Focus and Creativity

If you ask an experienced yogi what the hardest part of yoga is, you might be surprised by their answer. Typically, one might assume that holding the different yoga poses would be the most challenging aspect; however, there is an even bigger challenge, which includes focusing—on nothing. Meditation is another crucial component of a successful yoga session. Experienced yogis are able to focus their attention on nothing but their inner self; all outside distractions are eliminated, at least temporarily. This may sound very simple, but if you have ever tried to completely clear your mind of all inner thoughts besides what you are feeling at that exact moment, you may be able to grasp how difficult a task this is to successfully complete.

However, once one is able to control their center of attention, they will find their ability to stay focused on one particular task (especially those that require attention to detail) becomes better and better. In a 2012 study published by the journal Frontiers in Psychology, researchers were able to determine those who practiced meditation for at least 10 minutes a day for up to 16 weeks performed better with divergent-thinking tasks than those who did not participate in meditation at all.

Strength and Muscle Definition

Just in case you are not fascinated by the mind-body awareness benefits of yoga, there is a less discussed muscle defining and strengthening benefit as well, for those who are solemnly interested in the physical benefits. Who knew that yoga is actually great for improving muscle definition, and in rare cases even muscle hypertrophy? Because yoga focuses on moving and upholding your own body weight in various positions, it serves as a great strength workout in addition to flexibility and mind-body training.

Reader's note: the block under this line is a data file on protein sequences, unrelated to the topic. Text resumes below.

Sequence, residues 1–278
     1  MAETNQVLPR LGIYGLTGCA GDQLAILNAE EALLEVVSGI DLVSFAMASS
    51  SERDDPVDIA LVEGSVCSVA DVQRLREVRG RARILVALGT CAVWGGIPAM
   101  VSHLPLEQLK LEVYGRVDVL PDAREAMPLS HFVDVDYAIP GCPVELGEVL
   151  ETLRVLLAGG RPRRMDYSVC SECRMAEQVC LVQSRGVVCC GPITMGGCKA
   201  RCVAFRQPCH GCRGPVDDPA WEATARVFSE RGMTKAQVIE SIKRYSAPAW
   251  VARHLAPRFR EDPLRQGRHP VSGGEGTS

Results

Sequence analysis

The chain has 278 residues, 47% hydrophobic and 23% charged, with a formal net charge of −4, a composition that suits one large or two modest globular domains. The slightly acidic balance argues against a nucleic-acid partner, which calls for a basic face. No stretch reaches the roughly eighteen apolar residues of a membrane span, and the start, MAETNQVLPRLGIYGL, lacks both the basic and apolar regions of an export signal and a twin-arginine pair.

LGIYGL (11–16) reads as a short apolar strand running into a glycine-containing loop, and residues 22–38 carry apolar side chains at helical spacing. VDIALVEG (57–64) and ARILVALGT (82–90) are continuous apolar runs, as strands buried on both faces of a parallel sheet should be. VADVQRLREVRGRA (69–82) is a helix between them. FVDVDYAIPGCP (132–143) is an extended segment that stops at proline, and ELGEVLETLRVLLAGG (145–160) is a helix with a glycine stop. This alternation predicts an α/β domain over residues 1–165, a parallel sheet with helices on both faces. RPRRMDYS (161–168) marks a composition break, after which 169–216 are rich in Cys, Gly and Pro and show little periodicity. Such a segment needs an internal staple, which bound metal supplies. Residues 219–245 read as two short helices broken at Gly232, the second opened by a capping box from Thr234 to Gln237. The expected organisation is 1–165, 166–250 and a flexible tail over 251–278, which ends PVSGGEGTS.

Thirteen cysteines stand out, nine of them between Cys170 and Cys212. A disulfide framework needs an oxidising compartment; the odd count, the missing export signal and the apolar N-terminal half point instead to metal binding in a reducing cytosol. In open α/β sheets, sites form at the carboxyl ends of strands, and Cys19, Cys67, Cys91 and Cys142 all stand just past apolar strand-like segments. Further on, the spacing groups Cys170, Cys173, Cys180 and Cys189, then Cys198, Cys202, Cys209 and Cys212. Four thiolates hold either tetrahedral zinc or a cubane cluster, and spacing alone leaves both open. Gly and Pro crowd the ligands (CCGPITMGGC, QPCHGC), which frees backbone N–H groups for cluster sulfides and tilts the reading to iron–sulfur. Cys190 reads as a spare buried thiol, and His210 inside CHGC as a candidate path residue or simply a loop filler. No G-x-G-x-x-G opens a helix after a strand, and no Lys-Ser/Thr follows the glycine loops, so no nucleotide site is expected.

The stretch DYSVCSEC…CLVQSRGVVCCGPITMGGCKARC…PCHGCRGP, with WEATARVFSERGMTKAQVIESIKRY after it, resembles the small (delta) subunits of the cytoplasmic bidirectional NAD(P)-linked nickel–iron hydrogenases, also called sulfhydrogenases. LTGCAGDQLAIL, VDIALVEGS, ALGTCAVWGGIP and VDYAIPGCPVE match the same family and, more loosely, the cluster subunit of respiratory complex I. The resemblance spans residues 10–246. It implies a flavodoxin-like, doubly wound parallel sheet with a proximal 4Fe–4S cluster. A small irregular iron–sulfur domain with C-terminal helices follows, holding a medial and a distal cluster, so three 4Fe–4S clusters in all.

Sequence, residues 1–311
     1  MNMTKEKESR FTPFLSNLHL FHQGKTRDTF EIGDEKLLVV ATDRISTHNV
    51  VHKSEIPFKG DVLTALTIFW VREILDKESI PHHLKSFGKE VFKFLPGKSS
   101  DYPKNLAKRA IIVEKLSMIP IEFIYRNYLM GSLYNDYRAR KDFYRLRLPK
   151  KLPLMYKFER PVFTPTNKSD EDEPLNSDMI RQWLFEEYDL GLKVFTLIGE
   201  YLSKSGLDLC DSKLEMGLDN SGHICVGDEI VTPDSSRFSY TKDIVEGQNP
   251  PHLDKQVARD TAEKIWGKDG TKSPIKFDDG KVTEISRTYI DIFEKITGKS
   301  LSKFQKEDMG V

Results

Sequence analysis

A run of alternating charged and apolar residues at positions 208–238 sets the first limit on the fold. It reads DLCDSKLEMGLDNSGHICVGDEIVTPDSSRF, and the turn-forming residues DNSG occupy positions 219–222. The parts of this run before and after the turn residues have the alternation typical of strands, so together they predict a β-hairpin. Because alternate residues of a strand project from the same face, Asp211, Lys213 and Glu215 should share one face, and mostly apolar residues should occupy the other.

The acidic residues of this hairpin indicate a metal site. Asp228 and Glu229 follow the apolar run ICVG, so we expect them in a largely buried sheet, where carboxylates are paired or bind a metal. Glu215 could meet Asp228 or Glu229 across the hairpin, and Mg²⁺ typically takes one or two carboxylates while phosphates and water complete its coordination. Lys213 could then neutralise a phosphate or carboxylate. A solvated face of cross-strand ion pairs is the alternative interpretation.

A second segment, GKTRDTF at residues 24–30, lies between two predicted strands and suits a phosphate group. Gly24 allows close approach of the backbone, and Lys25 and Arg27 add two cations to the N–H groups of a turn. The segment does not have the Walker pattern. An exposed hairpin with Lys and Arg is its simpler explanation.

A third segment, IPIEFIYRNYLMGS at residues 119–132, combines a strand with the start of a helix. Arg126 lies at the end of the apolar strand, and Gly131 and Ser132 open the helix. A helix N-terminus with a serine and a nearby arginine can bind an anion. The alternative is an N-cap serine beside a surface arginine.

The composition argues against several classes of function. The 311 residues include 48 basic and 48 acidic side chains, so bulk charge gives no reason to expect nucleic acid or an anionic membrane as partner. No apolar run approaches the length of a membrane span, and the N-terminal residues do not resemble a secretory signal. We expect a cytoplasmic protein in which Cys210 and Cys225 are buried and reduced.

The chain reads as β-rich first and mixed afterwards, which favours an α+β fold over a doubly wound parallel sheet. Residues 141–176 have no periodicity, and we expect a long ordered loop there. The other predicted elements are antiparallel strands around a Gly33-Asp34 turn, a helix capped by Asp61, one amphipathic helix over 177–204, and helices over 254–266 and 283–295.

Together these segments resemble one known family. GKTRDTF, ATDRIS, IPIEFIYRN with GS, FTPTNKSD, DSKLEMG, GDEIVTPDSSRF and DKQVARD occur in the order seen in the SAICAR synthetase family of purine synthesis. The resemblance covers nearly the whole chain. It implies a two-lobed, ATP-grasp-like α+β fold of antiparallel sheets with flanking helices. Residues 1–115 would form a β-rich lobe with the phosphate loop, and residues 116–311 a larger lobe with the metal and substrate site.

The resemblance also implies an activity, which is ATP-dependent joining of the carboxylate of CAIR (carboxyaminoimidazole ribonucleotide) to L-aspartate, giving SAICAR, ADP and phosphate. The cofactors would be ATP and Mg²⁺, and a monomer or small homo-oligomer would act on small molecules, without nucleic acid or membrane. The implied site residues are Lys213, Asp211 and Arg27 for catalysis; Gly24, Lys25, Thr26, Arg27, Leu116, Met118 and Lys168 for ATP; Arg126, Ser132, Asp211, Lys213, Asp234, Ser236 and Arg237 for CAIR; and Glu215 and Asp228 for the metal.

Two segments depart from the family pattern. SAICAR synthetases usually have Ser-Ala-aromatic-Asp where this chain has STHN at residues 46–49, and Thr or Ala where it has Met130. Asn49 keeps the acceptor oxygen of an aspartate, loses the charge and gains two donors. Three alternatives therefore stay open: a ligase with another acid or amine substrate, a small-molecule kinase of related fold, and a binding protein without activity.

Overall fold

Unlike traditional resistance training, which focuses primarily on the concentric contraction (the muscle contracts as it shortens) of a muscle, yoga focuses primarily on the eccentric contraction (the muscle contracts as it stretches) of a muscle. The eccentric contraction component gives muscles a more elongated look, while concentric contractions give muscles a shorter, more bulgy, look. If you have ever seen an experienced yogi’s physique, it may resemble that of a gymnast, basketball player, or even a track athlete versus those who participate in more traditional forms of resistance training, who might resemble a football player or bodybuilder with more muscle hypertrophy.

Yoga tends to train small and large muscles all over the body due to its high demand for muscles to work in conjunction with each other to perform the different body movements in various planes of movement. This is good for the reason that you often tend to work smaller muscle groups that may get little to no attention when practicing machine-oriented resistance training. With a machine that focuses on a one-dimensional plane of movement, it’s often impossible to train multiple muscle groups at the same time. Therefore, yoga tends to be a better option for improving overall body strength along with achieving a more proportional muscular physique.

Other Wellness Benefits

Some additional notable benefits of yoga also include (but are not limited to) immune system boost, pain management, increase in gray brain matter and increase in balance, and function ability. As noted above, the mental and nervous system benefits of yoga must begin to take back priority. Although improving flexibility can be a great thing, many have found that these additional benefits are what separate this form of physical activity from any other form.

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This blog was written by Darius Felix, Health Fitness Instructor. To find out more about NIFS bloggers, click here.

Topics: yoga muscles focus flexibility digestion wellness nervous system mind-body